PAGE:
REVIEW: Dark in the Woods by Rosemary LaureyTuesday, October 9, 2012 1:00
I have to say, this book has quite a cast of intriguing and off-the-wall characters that I’ve read in a long time. From a family of shape-shifting bears with a mean-old-nasty matriarch to a local law enforcement department that looks the other way no matter the crime, very different people living on opposite sides of the river bisecting their small town. The bizarre happenings have only just begun for the heroine, who’s thrown into the middle of a world she never imagined existed.
Cassie Jackson and her husband Alan have returned to the home where he grew up in Virginia. They’d been having problems, so this is sort of a compromise where they can hopefully mend the ripples in their marriage and start fresh. However, once they arrive, Alan is a changed man, not the loving, easy-going lawyer she first fell in love with. He’s now demanding, secretive, and never stands up to his family when they insult her. What Cassie further discovers is that Alan has also lied to her during the course of their marriage – about a number of things, but mostly about who and what he was. A mother-in-law who doesn’t want her anywhere near, you’d think that would be enough in her life, but the hits keep on coming when Cassie is notified her husband has been killed.
A deputy sheriff on the other side of the river, David Argon is taken with Cassie from the moment he lays eyes on her, especially since his Aunt Morgaine has seen that Cassie is the one for him. He just has to be patient. He respects the boundary of marriage, so he just goes about his job. David and his family are Pixies, his aunt being the most powerful of them, including most everyone in town. Never thinking Cassie would be freed from the sanctity of marriage through death, he feels guilty now that her husband is dead and he wants her something fierce. But there’s not enough guilt to keep him from her. The woman definitely revs his motor and her sexy-feisty self fascinates him even more.
The one thing between them, after they can’t deny their attraction any longer, is the way David’s side of the river turns a blind eye to all the killing and other related things that go on in their community. The other side isn’t much better, taking care of any “problems” themselves. Cassie feels any justice should be put in the hands of law enforcement, even despite David’s explanations of what could happen to them all if word got out about their other worldliness. Though Cassie hesitantly agrees with this logic of allowing them to take care of their own in their own way, she still thinks it’s not right. After a while, her attitude does become a little grating because she never lets up until the very, very end. For me, she should trust the man she loves, especially since he’s so different from the first time she tried that.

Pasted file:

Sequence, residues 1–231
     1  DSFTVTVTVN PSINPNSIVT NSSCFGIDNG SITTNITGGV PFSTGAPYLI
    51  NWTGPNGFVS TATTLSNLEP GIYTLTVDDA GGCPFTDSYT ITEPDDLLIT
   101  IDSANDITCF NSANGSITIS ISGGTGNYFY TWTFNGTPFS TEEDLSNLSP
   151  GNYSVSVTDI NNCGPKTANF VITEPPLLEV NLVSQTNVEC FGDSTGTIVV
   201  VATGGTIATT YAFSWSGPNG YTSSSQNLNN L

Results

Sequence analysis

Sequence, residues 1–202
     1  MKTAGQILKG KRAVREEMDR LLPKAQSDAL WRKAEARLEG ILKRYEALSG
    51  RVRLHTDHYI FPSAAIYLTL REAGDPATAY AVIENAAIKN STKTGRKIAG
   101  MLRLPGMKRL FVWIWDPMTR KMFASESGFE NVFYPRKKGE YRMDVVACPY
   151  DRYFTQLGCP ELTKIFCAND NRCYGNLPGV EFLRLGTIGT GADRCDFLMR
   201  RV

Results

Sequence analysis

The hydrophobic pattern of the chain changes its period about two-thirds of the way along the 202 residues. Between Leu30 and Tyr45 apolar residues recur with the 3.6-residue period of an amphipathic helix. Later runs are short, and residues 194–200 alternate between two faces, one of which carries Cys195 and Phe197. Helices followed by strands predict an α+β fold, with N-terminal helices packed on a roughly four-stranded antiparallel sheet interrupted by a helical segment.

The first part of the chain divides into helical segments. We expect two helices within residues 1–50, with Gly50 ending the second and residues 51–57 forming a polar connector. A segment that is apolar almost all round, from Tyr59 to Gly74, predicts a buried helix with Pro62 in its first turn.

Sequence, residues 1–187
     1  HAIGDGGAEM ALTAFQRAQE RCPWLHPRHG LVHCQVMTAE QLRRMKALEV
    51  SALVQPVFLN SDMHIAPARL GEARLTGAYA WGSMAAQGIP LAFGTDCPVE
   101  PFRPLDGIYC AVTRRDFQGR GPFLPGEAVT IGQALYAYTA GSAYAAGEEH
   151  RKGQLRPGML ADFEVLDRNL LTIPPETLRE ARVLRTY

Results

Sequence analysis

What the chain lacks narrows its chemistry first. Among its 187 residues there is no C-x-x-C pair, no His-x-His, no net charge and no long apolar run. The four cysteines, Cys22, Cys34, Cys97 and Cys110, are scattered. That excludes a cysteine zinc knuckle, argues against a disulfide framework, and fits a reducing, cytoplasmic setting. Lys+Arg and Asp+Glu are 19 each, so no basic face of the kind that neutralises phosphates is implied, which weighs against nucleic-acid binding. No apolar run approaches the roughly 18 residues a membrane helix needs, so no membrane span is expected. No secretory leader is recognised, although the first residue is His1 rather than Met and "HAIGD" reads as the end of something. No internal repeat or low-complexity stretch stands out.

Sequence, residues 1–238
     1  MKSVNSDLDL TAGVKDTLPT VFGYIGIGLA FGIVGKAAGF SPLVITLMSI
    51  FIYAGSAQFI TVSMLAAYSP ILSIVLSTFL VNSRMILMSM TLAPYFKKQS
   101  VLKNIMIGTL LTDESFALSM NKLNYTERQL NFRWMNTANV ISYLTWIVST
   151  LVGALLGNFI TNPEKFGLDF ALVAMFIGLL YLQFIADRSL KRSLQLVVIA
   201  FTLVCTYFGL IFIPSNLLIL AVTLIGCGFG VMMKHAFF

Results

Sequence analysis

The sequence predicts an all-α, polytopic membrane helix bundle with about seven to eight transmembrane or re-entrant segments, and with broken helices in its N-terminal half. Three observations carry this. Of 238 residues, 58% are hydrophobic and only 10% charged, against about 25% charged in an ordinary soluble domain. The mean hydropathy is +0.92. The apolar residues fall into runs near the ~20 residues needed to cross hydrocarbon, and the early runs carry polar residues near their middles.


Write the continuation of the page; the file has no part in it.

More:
But I do admire Cassie despite that one issue. She tries very diligently to save her marriage. She stands up to her crusty mother-in-law, as well as her brothers-in-law when necessary. While she laments what went wrong in her old life with Alan a few too many times for me, she does move on when the opportunity – or fate – gives her the chance. And she doesn’t rest until she knows the whole truth about Alan and his demise. Though she’s frightened here and there with the goings-on around her, she straightens that backbone and faces whatever is coming her way. I like David a lot. While he’s always done things the way they’ve been done to keep the community’s privacy under wraps, in the end when it comes to Cassie, he does what needs to be done to keep her safe, including standing up to his boss. He’s a first-rate hero, and my heart breaks for him whenever he thinks of his sister.
I’ve never read a story about werebears before, so I wasn’t sure how I was going to take to this one with that aspect, but none of these shifters is the hero of the book. So they didn’t need to be teddy bears, which is perfect, of course, because one pretty much saves the day near the end. He’s actually the only bear you can like throughout the book; therefore, I’m glad Cassie gives him the chance to do some good after all the heartache his kind caused up to that point. Aunt Morgaine is a terrific character, always showing up with some good food and even better advice.
A good read, despite the fact I figured out who the culprit is long before it’s revealed. Better than your average bear! (Sorry, I had to get that in somewhere.)
When the wild things are stirring, taking sides could get you killed.
Uprooted to a remote Virginia mountain town by her husband in a failed attempt to start afresh, Cassie Jackson gets the cold shoulder from his reclusive, dark-haired family of “hunters”. And only cool friendship from the tall, fair neighbors across the river. When her husband is murdered, and she is shut out of the burial plans, she sneaks into the funeral home to at least say goodbye and discovers what it is her mother-in-law from Hell didn’t want her to see. Something oddly…furry.
Silver Grove used to be a quiet town—until Cassie arrived. She has dared to cross the river, and from their first glance, Deputy David Argon found himself drawn to his newly widowed neighbor. Now, in the midst of the biggest crime investigation in years, he feels compelled to shield her from the rising tension among the citizens and the hunters.
Except protecting her means his hands-off policy is doomed to failure. And when another murder hits too close to home, staying out of her arms is mission impossible.
Read an excerpt.